Renal failure in dogs is a serious condition requiring immediate veterinary care. In today's post our Orange County vets explain the types of renal failure seen in dogs as well as the most common symptoms of renal disease and how it is treated.
Renal Disease in Dogs
Healthy kidneys work to eliminate toxins in your dog's body as well as regulate hydration, maintain a normal electrolyte balance and release hormones to produce red blood cells. If your pup suffers from renal failure their kidneys have stopped functioning as they should, and your dog's overall health will begin to decline rapidly.
Types of Renal Failure Seen in Dogs
There are two broad categories of renal failure seen in Orange County dogs:
Chronic Renal Failure
- A gradual loss of kidney function (over weeks, months or years), is referred to as chronic renal failure. Chronic kidney failure in dogs is typically caused by degeneration associated with aging. While every dog's kidneys have a lifespan, some dogs’ experience deterioration faster than others. While it is unlikely that your pet will fully recover from chronic renal failure, this condition can often be managed successfully for a number of months or years.
Acute Renal Failure
- If your dog's kidney function suddenly decreases (within hours or days), it is known as acute renal failure. Typically this form of kidney failure is caused by an infection or exposure to toxins. When diagnosed and treated early this form of kidney failure can often cured.
Causes of Renal in Dogs
In dogs, renal failure can be caused by any number of conditions that impact the kidneys and related organs including:
- Congenital disease - This category includes underlying illnesses and hereditary conditions such as agenesis (being born without one or both kidneys) and cysts.
- Bacterial infections - If your dog swims or drinks in contaminated water, bacterial infections such as leptospirosis can attack their system, causing the kidneys to become inflamed and renal cells to die off.
- Toxicosis - The ingestion of poisons or toxins can lead to cell damage within the dog's kidneys.
- Dental disease - If bacteria builds up on the teeth and gums it may lead to advanced dental disease. At that point bacteria can make its way into the blood stream and attack multiple organs, causing irreversible damage to the kidneys as well as the dog's heart and liver.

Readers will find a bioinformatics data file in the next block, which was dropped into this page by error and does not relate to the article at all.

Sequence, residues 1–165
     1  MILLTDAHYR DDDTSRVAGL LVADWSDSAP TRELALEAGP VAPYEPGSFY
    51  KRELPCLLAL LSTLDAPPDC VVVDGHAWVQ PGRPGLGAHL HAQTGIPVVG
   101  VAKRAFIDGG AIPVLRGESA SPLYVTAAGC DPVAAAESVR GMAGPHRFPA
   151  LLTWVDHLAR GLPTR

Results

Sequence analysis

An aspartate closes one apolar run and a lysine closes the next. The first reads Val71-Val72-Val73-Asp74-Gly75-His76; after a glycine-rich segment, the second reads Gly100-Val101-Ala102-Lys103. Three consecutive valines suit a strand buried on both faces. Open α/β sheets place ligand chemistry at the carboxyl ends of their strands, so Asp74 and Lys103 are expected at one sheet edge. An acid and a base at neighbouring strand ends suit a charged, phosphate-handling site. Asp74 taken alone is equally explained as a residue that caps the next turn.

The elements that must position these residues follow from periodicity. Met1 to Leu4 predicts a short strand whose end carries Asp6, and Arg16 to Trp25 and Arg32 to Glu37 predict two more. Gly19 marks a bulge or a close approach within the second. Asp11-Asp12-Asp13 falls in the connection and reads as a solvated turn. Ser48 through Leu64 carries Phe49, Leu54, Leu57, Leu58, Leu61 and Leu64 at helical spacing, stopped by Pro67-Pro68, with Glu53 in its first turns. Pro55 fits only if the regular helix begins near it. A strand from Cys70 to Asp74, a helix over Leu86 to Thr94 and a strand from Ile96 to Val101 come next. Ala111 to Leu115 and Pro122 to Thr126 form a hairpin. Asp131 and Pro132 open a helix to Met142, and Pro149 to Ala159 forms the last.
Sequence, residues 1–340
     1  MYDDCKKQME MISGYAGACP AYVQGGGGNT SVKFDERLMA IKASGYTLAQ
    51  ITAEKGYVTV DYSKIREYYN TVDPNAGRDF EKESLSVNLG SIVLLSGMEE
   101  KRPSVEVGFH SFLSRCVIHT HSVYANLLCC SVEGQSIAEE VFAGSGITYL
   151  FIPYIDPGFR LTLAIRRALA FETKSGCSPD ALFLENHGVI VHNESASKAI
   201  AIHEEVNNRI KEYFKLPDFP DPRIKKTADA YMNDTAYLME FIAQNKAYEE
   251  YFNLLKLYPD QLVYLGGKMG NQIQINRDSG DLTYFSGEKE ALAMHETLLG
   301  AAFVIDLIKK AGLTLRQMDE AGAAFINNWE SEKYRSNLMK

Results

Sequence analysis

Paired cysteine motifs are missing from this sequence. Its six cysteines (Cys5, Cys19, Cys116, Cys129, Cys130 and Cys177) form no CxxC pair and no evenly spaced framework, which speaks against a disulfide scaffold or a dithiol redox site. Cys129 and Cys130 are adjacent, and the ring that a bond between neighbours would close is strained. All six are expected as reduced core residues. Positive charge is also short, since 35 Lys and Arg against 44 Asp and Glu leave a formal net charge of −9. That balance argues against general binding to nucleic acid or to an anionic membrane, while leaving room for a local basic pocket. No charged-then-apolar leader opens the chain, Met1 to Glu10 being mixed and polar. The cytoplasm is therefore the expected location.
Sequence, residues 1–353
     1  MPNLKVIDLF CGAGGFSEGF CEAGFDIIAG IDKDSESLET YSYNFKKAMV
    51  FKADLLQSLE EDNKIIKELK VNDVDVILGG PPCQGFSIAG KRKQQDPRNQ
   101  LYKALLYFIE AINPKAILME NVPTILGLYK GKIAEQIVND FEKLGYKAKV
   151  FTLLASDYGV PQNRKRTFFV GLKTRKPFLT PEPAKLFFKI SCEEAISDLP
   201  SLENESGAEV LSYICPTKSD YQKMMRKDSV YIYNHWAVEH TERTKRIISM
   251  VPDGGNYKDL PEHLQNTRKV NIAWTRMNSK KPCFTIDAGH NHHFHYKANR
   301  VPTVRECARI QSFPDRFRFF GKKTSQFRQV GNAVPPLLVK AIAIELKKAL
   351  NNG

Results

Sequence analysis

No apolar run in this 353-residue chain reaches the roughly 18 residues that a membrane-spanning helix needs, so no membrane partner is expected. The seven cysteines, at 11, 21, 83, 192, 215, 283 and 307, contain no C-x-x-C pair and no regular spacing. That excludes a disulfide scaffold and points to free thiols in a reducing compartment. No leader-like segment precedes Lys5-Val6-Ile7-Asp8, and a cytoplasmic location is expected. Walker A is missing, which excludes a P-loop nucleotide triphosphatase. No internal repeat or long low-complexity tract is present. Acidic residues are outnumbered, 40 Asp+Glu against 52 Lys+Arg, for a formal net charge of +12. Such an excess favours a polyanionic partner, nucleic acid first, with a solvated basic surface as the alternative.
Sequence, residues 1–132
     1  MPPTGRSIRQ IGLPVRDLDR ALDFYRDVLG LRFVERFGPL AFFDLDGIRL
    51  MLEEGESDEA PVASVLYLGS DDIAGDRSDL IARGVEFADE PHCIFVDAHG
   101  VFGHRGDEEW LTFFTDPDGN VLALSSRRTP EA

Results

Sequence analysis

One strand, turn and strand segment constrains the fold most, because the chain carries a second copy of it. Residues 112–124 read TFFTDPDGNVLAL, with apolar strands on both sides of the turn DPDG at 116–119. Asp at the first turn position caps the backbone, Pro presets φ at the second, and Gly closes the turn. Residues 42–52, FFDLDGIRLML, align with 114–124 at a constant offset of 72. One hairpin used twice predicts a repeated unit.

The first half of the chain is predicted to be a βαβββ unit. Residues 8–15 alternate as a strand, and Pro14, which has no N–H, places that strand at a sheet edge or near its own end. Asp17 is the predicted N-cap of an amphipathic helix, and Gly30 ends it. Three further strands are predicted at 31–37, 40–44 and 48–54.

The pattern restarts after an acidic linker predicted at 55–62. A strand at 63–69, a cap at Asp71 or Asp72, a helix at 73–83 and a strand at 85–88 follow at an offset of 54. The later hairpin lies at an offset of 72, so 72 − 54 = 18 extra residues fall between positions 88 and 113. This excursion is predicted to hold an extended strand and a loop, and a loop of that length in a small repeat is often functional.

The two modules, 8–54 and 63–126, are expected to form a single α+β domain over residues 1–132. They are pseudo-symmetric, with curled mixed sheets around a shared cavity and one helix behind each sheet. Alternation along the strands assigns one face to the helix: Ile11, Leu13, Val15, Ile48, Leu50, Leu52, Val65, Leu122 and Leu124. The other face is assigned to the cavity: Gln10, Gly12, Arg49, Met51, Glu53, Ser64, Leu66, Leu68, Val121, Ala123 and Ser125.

- Geriatric degeneration - As your dog ages, cells can break down and die. This happens all over the body, including the kidneys where it can lead to kidney disease and renal failure.
Symptoms of Renal FailureWhen it comes to treating renal failure, a fast and accurate diagnosis is essential for achieving good treatment outcomes. If your dog is displaying any of the symptoms below make an appointment to see your vet straight away or visit your nearest emergency veterinary hospital for urgent care. Some of the most common signs of renal disease in dogs include the following:
- Significant weight loss
- Pale gums
- Uncoordinated movement, or stumbling
- Breath that smells like chemicals
- Significant decrease in appetite
- Increase or decrease in water consumption
- Increase or decrease in volume of urine
- Ulcers in the mouth
- Blood in urine
- Intestinal seizures
When diagnosing whether your dog's symptoms are related to kidney failure or another disease such as diabetes mellitus, your vet will consider the extent of loss of kidney function, the progression of the condition, and the severity of your dog's symptoms.
Treatment for Dogs with Renal Failure
Treatment for your dog's renal disease will be determined by your pup's overall health and the underlying cause of their kidney failure.
Dogs suffering from acute renal failure will require urgent and intensive treatment, typically in intensive care at your animal hospital.
When diagnosed in the earliest stages, milder cases of acute renal failure may be treated with fluids, antibiotics and medications on an outpatient basis. While dialysis can be costly it is often used as an effective treatment for acute renal failure in dogs.
Treatment for dogs diagnosed with chronic renal failure will focus primarily on slowing the progression of the disease and looking at ways to improve your pup's quality of life. Symptoms of chronic kidney disease including nausea, fluid imbalances, and blood pressure fluctuations may be treated with medications and/or changes to your dog's diet.
If your dog's chronic renal failure can be managed successfully you can expect your pooch to enjoy a good quality of life for a number of months or years (some indications are up to four years). The management of chronic renal failure in dogs may include providing specific nutrients, nutritional supplements or a prescription diet.
Preventing Renal Failure in Dogs
Acute renal failure is often caused when dogs consume toxic substances such as tainted foods or foods they shouldn’t ingest, such as grapes or chocolate. To help prevent your pooch from developing acute renal failure, pay particular attention to the products in your home that are potentially poisonous to your dog. Keep toxic substances such as antifreeze, medications and potentially harmful foods well out of your pup's reach.
Chronic renal failure is often age-related and predetermined by genetics, making it more challenging to prevent. That said, regular wellness exams twice yearly at your primary care veterinarian's office will help to increase the chances of detecting symptoms early so that treatment can begin before the condition becomes more severe.